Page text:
Rod Mats

Task 202 ... Years 2 - 8


Any of the rods in the collection can be the whole, but the starting point example uses the brown one. A mat is made of other rods that fit the whole and are all the same colour. Now the fraction relationship of each colour rod to the whole can be worked out and from that a huge number of fraction stories (equations) can be derived. Students quite naturally find equivalent fractions and operate using fractions. Recording and explaining is essential.

Rod Mats is the starting point for all of the slide shows on the Picture Puzzles Number & Computation C menu where the problem is presented using one screen, two learners, concrete materials and a challenge. The five puzzles use five different wholes which between them include families of fractions based around 8ths, 9ths, 10ths, 15ths and 18ths. You can also read the story of how one teacher used the 10ths Picture Puzzle (Orange is whole) in a Year 6 class.

Teachers wishing to build a curriculum unit around Fractions are likely to find Nichola Brandon's article Fractions In Action worth researching.



  • A collection of rods as described on the card


  • concept of a fraction
  • recording fractions in words and symbols
  • equivalent fractions
  • addition and subtraction of fractions
  • multiplication of fractions by a whole number
Rod Mats


A task is the tip of a learning iceberg. There is always more to a task than is recorded on the card.

The thrust of this task is the generation of mathematical conversation about fractions in a visual and kinaesthetic context. Spoken words are converted to written words and written words are converted to symbols. The task first highlights that in order to use fraction language in a situation you must:

  • know what the whole is
  • be able to show that the whole is partitioned into equal parts
Once these criteria have been established, deciding which fraction language is based on counting the number of equal parts to make the whole. In the photo:
  • pink rods show two halves make the whole
  • red rods show four fourths (quarters) make the whole
  • white rods show eight eighths make the whole
Student responses to Q. 2 need to indicate that they recognise all of these aspects.
Note: Over time, encouraging the writing sequence of:
  • two thirds
  • 2 thirds
  • 2/3
helps students to understand the purpose of the different messages given by the two numbers that make each fraction.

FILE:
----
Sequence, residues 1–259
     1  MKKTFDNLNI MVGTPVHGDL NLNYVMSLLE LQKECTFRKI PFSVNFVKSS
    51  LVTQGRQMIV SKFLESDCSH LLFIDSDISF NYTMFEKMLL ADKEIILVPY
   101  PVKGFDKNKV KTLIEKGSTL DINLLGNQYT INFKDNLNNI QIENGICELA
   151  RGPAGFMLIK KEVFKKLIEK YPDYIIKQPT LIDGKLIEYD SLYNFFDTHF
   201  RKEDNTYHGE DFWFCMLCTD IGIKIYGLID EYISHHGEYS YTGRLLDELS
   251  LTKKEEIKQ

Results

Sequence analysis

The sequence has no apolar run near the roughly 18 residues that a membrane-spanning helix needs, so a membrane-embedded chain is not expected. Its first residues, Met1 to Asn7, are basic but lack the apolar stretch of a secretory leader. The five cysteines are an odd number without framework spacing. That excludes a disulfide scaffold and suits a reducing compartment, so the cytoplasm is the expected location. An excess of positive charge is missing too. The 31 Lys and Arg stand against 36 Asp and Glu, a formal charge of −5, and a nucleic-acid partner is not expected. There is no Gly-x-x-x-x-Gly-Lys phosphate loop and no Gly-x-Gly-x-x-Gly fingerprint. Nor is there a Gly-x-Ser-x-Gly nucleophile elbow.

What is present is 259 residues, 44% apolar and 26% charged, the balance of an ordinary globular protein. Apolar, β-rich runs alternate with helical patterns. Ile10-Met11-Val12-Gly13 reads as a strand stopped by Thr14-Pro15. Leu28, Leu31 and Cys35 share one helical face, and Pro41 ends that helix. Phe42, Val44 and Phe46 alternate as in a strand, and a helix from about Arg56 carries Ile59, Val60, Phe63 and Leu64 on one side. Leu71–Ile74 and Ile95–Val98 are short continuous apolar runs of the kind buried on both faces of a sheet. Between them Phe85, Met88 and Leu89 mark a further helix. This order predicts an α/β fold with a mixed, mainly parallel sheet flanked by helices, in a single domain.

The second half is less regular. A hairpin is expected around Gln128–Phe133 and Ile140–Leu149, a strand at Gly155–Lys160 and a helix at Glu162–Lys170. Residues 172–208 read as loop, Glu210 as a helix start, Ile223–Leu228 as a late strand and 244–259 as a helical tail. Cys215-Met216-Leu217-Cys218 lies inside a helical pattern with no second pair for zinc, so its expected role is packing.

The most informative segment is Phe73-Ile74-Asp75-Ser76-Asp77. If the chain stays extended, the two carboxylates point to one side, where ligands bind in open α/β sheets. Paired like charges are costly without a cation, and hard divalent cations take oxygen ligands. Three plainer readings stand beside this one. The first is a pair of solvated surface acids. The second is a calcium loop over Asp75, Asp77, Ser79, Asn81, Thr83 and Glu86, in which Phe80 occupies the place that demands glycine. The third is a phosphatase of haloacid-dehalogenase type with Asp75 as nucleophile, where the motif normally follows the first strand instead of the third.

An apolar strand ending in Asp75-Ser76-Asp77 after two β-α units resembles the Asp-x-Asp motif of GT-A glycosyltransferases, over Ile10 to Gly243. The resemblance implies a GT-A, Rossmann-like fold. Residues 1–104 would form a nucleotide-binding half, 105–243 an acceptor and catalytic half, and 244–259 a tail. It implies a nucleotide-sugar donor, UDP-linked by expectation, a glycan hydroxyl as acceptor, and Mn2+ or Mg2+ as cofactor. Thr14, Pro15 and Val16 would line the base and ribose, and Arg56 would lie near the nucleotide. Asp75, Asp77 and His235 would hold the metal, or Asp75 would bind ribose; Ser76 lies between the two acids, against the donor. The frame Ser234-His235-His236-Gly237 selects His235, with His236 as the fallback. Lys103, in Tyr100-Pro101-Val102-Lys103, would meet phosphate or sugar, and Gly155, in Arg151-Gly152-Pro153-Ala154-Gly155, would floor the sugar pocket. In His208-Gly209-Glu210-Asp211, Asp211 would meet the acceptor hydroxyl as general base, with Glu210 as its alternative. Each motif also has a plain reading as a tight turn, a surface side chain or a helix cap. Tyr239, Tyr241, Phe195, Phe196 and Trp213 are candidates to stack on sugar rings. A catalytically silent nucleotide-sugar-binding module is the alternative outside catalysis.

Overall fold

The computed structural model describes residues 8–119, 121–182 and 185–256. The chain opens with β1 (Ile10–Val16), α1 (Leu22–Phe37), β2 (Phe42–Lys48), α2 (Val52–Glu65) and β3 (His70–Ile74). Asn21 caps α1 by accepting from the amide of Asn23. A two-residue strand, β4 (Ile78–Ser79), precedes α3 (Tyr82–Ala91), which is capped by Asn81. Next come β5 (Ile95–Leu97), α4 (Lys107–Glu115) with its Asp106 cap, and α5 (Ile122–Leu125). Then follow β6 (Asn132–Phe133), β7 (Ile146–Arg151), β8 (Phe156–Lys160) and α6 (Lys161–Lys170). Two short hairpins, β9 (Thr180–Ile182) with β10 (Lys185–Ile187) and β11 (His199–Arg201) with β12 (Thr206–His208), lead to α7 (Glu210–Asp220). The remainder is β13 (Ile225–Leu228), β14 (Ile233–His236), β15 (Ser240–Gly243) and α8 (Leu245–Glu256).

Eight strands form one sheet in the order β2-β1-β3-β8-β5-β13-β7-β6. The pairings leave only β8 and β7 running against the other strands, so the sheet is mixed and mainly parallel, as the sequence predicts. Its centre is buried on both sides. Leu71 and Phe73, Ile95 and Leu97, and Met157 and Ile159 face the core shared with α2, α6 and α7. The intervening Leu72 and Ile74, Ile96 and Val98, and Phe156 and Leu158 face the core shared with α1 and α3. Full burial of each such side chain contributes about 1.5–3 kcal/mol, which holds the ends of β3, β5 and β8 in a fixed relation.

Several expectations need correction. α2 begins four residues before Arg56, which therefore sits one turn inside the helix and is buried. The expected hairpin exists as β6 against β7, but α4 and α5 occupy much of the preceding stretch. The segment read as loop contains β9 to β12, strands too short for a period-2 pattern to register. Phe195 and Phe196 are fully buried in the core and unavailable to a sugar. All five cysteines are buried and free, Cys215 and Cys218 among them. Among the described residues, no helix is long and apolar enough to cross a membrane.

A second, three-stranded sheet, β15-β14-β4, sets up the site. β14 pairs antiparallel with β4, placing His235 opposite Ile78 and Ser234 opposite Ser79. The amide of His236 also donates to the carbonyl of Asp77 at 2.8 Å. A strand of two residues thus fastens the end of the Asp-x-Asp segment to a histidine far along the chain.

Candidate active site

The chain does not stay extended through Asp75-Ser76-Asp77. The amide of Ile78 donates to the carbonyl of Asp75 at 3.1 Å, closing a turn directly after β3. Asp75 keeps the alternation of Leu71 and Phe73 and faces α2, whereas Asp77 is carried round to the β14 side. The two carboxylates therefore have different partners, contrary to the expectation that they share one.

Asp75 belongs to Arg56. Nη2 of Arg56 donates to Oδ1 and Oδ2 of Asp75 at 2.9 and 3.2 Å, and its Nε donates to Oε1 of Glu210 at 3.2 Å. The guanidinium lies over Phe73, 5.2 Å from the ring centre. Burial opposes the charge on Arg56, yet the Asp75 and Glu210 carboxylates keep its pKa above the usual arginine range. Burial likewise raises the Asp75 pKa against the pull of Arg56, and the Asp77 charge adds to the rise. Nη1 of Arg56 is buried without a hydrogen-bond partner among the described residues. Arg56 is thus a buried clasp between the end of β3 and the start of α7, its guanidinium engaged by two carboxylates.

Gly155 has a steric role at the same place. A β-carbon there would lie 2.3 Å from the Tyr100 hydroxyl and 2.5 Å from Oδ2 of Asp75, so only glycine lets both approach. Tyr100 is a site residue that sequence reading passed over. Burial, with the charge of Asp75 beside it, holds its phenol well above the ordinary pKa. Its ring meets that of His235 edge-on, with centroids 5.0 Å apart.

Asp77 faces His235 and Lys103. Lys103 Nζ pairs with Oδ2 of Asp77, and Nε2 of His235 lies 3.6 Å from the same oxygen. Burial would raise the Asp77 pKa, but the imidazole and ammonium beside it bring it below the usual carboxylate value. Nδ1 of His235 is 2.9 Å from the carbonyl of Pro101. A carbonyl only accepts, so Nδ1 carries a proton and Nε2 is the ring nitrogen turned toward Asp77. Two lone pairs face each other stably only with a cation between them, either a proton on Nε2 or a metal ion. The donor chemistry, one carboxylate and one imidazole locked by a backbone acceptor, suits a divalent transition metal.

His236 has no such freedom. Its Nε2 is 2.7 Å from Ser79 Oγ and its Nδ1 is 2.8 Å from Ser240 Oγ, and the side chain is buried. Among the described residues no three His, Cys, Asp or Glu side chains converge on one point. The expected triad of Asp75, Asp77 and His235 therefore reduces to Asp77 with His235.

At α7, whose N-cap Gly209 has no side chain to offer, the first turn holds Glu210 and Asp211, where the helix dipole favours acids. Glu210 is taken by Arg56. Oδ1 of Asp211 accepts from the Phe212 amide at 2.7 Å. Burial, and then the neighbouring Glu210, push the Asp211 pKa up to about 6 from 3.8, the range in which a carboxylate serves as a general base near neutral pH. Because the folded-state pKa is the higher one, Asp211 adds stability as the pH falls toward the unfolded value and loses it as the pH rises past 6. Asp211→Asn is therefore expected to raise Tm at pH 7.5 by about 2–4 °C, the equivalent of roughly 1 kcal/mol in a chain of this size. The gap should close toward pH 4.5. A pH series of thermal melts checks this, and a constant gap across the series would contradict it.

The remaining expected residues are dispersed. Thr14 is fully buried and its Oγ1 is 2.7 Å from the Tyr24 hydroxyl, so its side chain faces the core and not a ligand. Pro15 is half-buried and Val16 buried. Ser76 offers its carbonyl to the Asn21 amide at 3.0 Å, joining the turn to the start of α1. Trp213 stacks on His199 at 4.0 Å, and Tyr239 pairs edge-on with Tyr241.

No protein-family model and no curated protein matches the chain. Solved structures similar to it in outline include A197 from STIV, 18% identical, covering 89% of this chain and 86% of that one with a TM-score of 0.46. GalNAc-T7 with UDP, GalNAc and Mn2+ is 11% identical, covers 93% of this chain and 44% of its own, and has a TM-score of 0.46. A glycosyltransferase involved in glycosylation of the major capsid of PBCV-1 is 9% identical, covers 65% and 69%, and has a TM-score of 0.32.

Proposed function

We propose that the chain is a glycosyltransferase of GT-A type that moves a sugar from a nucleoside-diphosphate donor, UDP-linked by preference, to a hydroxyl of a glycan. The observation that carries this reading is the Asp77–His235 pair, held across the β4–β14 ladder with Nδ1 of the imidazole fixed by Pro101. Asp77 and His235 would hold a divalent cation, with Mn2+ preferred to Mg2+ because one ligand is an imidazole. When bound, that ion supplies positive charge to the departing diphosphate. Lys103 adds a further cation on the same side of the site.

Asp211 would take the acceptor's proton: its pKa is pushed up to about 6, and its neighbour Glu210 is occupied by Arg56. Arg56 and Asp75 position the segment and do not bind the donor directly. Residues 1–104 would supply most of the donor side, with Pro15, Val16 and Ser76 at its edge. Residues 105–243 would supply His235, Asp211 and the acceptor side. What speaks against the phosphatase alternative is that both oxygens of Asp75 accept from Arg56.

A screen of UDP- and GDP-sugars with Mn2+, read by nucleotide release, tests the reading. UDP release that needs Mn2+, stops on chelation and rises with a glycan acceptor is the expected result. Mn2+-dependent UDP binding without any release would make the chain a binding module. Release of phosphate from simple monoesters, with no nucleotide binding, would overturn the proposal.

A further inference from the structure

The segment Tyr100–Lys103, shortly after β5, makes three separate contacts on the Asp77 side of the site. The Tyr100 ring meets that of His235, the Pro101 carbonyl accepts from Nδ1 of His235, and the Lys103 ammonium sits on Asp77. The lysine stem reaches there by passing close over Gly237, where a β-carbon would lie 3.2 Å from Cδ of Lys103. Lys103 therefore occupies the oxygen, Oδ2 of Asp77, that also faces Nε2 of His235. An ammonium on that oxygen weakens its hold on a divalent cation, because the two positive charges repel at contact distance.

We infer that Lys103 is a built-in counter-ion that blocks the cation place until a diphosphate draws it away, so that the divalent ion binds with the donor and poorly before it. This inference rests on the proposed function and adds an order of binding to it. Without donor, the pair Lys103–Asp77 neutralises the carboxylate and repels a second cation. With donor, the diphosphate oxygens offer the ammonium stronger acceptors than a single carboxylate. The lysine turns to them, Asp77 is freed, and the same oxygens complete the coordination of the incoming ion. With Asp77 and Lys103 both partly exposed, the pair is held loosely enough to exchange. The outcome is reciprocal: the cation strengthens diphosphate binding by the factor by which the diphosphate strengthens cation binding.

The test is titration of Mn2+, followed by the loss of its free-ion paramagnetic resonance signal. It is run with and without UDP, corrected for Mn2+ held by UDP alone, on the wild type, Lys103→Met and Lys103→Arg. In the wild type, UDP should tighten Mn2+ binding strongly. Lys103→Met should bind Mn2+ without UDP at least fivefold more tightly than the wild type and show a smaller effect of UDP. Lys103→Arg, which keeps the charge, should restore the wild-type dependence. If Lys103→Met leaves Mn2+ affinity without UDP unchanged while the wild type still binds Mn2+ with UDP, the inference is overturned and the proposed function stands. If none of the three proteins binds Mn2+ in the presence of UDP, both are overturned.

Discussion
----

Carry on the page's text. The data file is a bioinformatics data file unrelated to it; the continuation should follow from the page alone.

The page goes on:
Since fractions make no sense without the whole, in Question 3 students would need to either state that brown is the whole or include it in their drawings, something like:
which shows:
one eighth + three eighths = four eighths ...or two quarters ...or one half

One way to work out subtraction is to place the 'take away rods' on top of the 'starting rods', then measure the uncovered space. So this diagram shows:

1 half + 1 quarter - 3 eighths = ... (3 eighths)

Another way is to convert all the 'starting rods' to the same type as the 'take away rods', then do the subtraction. This is the introduction to common denominators. So 1 half + 1 quarter can be converted to 6 eighths. Take away three eighths from that and the answer is again 3 eighths.

The answers to Questions 4 and 5 depend on the students' choices, so will vary. Questions 6 and 7 open the iceberg of this task. Any rod (or collection of rods, for example blue joined to dark green) can be the whole. Each new whole produces a new rod mat and a new discussion and recording session. Over time, students' understanding of fractions and facility with fraction operations develops soundly.

This task is a partner with Task 203 Make The Whole.

Whole Class Investigation

Tasks are an invitation for two students to work like a mathematician. Tasks can also be modified to become whole class investigations which model how a mathematician works.

This task can only be converted to a whole class investigation if you have a rod set for each pair. Once you have the resources it may be best to use the activity for a few minutes each day two or three times a week over several weeks. Just choose a different whole each day then:

Threading the activity through the curriculum in this way is more reflective both of the history of how fractions developed and were understood and the view that learners need time and challenging experiences to construct their own learning.

The activity can work well in groups of 3 or 4 with one set of rods, poster paper and felt markers. Teams choose a whole and write it on their poster (eg: Dark Green is whole). Then they make the rod mat and if there is enough time can also sketch the rod mat - no colouring in, just hatching, or initials for the colours. Teams are then given say 10 minutes to record all the equations they can find. Groups swap posters and check and discuss each others' work. Posters can be displayed and used for small group or whole class discussions with the teacher.

For more ideas and discussion about this investigation, open a new browser tab (or page) and visit Maths300 Lesson 144, Rod Mats. Also Maths300 Lesson 191, Fractions & Fraction Charts, is concrete, visual and language-based. In particular, the software presents symbolic challenges which can be worked out with materials or with a 'brain picture', by seeking the whole in the way experienced both in Rod Mats and Lesson 191.

Is it in Maths With Attitude?

Maths With Attitude is a set of hands-on learning kits available from Years 3-10 which structure the use of tasks and whole class investigations into a week by week planner.

The Rod Mats task is an integral part of:

  • MWA Number & Computation Years 3 & 4
  • MWA Number & Computation Years 7 & 8

The Rod Mats lesson is an integral part of:

  • MWA Number & Computation Years 5 & 6
  • MWA Number & Computation Years 7 & 8

Green Line
Follow this link to Task Centre Home page.